● On-going work of the school counsellors.



● The victim approaches an educator/ Grade Head/ school counsellor/ Grade Supervisor.

The victim reports bullying on our School Reporting System. QR codes are displayed throughout our school.

The alleged perpetrator is made aware of possible unhappiness and allegations of bullying and is warned off while the matter is being investigated. The parents of the alleged victim are contacted up front with the reassurance that the school is investigating and have warned both parties off.

● The issue is dealt with by discussing the matter with both parties and taking any necessary steps. At this stage it is not necessarily dealt with as bullying if there is a sense that it is not yet ongoing. However, the perpetrator will be warned that any future offences of this nature will be treated as bullying behaviour.

It is recorded in Ed-admin under notes link to the pupil profile as a record.


● If the bullying persists, the Grade Head will deal with the matter. The Grade Head will now treat it as bullying and a parent meeting with the offenders parent may be convened.

● At this meeting the issue, possible consequences and steps to address/resolve the matter will be discussed and agreed upon.


● If the bullying persists, then the Grade Supervisor/ Deputy Principal will address the matter.

● At this level, there is a Disciplinary Intervention where after the future possibility of suspension or a request for the perpetrator/s to leave the School, may be a possible course of action.


● The name of the bully is entered on our internal management system.

● Formal interviews with all concerned parties may/will include witnesses.

● Counselling takes place at each level and a written account is kept on file.

● The appropriate form of discipline depends on the severity of the bullying behaviour and may take on any of the following forms:

  1. Verbal warning,
  2. General Detention,
  3. Saturday Detention,
  4. Disciplinary Intervention
  5. Internal or External Suspension, or
  6. Request to leave the School (as determined by the SGB Disciplinary Committee)


● Physical areas of concern are monitored especially during break and recreation times.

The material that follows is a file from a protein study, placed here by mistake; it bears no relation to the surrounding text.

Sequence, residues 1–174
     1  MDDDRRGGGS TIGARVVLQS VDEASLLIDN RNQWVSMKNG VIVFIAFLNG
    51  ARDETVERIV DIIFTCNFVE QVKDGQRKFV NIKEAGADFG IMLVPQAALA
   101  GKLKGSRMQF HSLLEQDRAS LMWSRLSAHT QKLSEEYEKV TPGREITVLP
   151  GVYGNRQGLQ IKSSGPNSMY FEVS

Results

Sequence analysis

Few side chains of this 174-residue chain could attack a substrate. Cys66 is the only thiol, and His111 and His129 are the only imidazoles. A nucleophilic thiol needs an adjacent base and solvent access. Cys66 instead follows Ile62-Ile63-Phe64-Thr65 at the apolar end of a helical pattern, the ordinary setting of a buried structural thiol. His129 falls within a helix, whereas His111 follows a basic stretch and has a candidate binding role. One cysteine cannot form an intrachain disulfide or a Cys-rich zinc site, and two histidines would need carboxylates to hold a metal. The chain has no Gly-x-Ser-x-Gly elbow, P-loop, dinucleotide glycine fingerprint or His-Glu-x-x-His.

● Peer support teams are established.

● Issues are integrated throughout the curriculum on a continuous basis and at designated times e.g. assembly.

● Awareness is created with certain events such as an ‘Anti-Bullying Week’ and permanent display classroom posters

Rights & Responsibilities

For quality learning to take place, certain rights and responsibilities need to be recognised, including the right to:

  • personal safety and security of property;
  • a clean and functional environment;
  • fair treatment;
  • to be listened to and to be heard;
  • an undisturbed work environment with access to knowledge, skills and resources;
  • have one’s progress assessed.

With every right there is a matching responsibility. To protect the rights of individuals, it is the responsibility of each pupil to not only refrain from infringing on the rights of fellow pupils, but also to prevent others from doing so.


In order to maintain a disciplined and effective learning environment, pupils are expected to be mature and responsible.

Pupils can make a positive contribution by being honest, diligent, friendly, punctual, neat and courteous.  They must behave in a manner which is respectful to all cultures and to the rights of all. In addition, it is the duty of all pupils to protect the rights of others.

Commitments must be honoured.

Homework and daily review should be routine and deadlines must be met.